It turned out that the cat was a female, unspayed, 5 pounds, and 2 years old. They said it didn’t look like she’d ever been pregnant. I find that hard to believe, but maybe at her size she just couldn’t conceive or carry kittens to term or her development had been delayed or prevented. The two black kittens in the litter we were fostering were not two pounds even though they were about 10 weeks by the time we trapped them, so this mother cat may produce extra small kittens that somehow survived; those two kittens are quite healthy now and the slightly larger one has grown to equal weight with her larger gray sister (see Cats for Adoption: Midnight, Moonlight and Pepper). So this cat is not the mother of those kittens either. But at least we got another intact female spayed, and now the foster is back to putting food out to see who takes it, and getting a security camera to use for this.

This second black cat was not at all reluctant to get out of the trap when we released her!

All these black cats, coincidence or cat paws arranging the stars?

The cat needing surgery was black, two of the kittens fostering are black, and the one older kitten we spayed the previous weekend was also black. It’s kind of significant to me that I’m rescuing all these black cats, of course it doesn’t matter what color they are, and it could just be a coincidence, the same way it’s a coincidence that most of the cats in my house are black because I had no idea what color they were before I trapped or rescued or agreed to foster them. Mewsette and Jelly Bean had always been careful and comforting to their elders as they grew frail and passed, and then to all the frightened feral kittens, adult cats and hospice fosters who have come through our home. The stars may have aligned for this one necessary surgery, but maybe there were a few playful paws pushing them around up there too. Sometimes the least likely things can help ease the grief of the loss of a beloved animal companion.

About the Oriole kittens

You can read more about the kittens and the whole rescue and TNR effort by searching “Oriole kittens”. I tend to name my TNR projects after the street they were trapped on.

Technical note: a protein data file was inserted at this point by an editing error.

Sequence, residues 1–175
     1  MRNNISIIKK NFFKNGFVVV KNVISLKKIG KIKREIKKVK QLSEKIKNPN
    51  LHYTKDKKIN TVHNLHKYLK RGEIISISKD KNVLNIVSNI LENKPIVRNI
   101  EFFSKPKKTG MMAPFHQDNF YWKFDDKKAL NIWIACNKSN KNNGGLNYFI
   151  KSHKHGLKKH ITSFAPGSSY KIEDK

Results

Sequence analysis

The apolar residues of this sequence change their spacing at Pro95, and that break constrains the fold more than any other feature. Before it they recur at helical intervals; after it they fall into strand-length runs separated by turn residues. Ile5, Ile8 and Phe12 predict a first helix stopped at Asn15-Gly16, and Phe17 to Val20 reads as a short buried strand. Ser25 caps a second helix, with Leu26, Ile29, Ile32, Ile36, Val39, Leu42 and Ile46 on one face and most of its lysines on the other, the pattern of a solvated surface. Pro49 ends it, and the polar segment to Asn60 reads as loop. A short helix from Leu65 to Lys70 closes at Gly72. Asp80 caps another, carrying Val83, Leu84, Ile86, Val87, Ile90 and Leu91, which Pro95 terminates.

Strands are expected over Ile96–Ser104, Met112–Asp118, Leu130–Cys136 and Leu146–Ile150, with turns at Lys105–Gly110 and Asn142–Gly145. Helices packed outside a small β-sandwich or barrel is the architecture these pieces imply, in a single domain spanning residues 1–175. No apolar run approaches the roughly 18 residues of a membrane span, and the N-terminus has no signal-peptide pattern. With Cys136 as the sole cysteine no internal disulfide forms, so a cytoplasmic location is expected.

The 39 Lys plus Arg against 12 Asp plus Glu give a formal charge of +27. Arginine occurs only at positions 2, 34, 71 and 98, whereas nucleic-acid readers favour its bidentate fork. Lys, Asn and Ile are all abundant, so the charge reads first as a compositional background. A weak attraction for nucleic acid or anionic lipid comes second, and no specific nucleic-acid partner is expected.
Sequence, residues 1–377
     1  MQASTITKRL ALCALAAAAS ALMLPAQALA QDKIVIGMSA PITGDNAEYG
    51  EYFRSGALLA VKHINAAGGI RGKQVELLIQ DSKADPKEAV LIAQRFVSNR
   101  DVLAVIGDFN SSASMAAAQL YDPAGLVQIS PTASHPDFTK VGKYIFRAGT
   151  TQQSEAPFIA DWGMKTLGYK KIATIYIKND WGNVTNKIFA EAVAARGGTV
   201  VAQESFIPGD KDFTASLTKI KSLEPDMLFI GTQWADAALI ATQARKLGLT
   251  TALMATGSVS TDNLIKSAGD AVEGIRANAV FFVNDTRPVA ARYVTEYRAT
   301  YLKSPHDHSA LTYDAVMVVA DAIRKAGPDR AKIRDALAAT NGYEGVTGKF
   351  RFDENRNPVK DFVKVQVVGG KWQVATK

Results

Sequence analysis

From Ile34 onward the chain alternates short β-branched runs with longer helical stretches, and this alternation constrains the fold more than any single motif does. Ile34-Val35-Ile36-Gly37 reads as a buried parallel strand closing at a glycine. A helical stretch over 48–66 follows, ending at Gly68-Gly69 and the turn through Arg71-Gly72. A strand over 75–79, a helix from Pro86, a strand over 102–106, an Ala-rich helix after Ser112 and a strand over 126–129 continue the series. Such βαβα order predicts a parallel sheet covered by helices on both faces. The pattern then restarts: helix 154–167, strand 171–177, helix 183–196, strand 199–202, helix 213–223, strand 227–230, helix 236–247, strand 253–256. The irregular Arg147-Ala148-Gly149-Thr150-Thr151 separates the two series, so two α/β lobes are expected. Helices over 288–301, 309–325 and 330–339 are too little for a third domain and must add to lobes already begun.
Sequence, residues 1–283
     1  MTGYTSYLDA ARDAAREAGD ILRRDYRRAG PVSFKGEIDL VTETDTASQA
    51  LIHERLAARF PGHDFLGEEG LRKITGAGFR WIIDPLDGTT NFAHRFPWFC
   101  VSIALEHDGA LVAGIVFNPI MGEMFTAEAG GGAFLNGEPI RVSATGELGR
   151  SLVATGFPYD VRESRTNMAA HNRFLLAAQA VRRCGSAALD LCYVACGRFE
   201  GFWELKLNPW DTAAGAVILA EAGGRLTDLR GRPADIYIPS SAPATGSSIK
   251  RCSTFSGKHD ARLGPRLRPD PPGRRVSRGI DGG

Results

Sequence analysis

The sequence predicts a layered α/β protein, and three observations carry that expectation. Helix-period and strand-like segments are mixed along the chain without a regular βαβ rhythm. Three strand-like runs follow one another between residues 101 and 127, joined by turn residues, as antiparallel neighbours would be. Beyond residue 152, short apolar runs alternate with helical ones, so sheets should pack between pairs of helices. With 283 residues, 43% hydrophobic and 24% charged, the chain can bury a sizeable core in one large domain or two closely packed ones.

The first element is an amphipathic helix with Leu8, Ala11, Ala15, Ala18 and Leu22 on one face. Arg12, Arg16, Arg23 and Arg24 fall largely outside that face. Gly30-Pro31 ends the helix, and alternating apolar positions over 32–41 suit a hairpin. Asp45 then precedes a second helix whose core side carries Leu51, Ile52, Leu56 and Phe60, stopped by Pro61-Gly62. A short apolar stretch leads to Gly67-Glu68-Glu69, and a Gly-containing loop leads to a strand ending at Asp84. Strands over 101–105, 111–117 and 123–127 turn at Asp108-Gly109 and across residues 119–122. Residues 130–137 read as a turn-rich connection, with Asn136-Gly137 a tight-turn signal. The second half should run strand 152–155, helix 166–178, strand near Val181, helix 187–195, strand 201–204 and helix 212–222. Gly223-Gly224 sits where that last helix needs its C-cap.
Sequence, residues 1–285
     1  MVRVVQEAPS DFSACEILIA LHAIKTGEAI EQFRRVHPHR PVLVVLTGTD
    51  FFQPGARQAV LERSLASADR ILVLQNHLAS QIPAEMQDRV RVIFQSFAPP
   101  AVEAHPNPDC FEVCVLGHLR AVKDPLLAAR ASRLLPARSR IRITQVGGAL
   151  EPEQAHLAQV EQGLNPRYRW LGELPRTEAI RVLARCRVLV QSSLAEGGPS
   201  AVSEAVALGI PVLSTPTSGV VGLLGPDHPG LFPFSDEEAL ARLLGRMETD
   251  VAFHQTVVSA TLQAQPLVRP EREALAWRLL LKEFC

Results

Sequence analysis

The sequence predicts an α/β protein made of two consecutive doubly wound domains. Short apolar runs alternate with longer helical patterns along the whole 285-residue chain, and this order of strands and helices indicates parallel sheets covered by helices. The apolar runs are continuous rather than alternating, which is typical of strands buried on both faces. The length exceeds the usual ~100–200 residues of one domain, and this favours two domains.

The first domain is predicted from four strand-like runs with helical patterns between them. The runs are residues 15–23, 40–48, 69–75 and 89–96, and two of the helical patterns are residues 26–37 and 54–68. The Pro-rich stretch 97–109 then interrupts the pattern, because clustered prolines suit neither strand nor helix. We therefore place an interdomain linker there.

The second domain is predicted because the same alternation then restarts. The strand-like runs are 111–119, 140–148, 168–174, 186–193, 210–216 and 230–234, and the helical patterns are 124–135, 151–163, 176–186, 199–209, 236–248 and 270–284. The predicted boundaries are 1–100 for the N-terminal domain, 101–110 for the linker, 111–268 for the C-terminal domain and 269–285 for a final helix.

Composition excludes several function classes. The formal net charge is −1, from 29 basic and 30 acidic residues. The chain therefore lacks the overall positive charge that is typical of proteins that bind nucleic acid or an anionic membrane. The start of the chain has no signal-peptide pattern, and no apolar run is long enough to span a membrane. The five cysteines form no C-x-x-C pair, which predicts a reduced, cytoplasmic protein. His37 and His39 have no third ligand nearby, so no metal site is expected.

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Fine ArtPhotographyGiftsGreeting CardsBooksCommissioned Portraits & Artwork

Great Rescues Day Book:
Portraits, Rescue Stories, Holidays and Events, Essential Feline Information, All in One Book

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Great Rescues Day Book

Each month features one of my commissioned portraits of a feline or felines and their rescue story along with a kitty quote on the left page, and on the right page the month name with enough lines for all possible dates, with standard holidays and animal-themed observances and events. Great Rescues also includes a mini cat-care book illustrated with my drawings including information on finding strays or orphaned kittens, adopting for the first time or caring for a geriatric cat, a list of household toxins and toxic plants, or helping stray and feral cats and beginning with TNR.

Each book includes also 10 sheets of my “22 Cats” decorative notepaper with a collage of all the portraits in black and white so you can make your own notes or write special notes to friends.

The portraits in this book, collected as a series, won both a Certificate of Excellence and a Muse Medallion in the 2011 Cat Writers’ Association Annual Communication Contest, as well as the 22 Cats Notepaper mentioned below.

Read more and order.


All images and text used on this site are copyrighted to Bernadette E. Kazmarski unless otherwise noted and may not be used without my written permission, although links to your site are more than welcome and are shared. Please ask if you are interested in using and image or story in a print or internet publication. If you are interested in purchasing a print of an image or a product including it, check my animal and nature website Portraits of Animals to see if I have it available already. If you don’t find it there, visit Ordering Custom Artwork for more information on a custom greeting card, print or other item.

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Weekly schedule of features:

Sunday: Essays, Pet Loss, Poetry, The Artist’s Life

Monday: Adoptable Cats, TNR & Shelters

Tuesday: Rescue Stories

Wednesday: Commissioned Portrait or Featured Artwork

Thursday: New Merchandise

Friday: Book Review, Health and Welfare, Advocacy

Saturday: Your Backyard Wildlife Habitat, Living Green With Pets, Creating With Cats

And sometimes, I just throw my hands in the air and have fun!




From health and welfare to rescue and adoption stories, advocacy and art, factual articles and fictional stories, "The Creative Cat" offers both visual and verbal education and entertainment about cats for people who love cats, pets and animals of all species.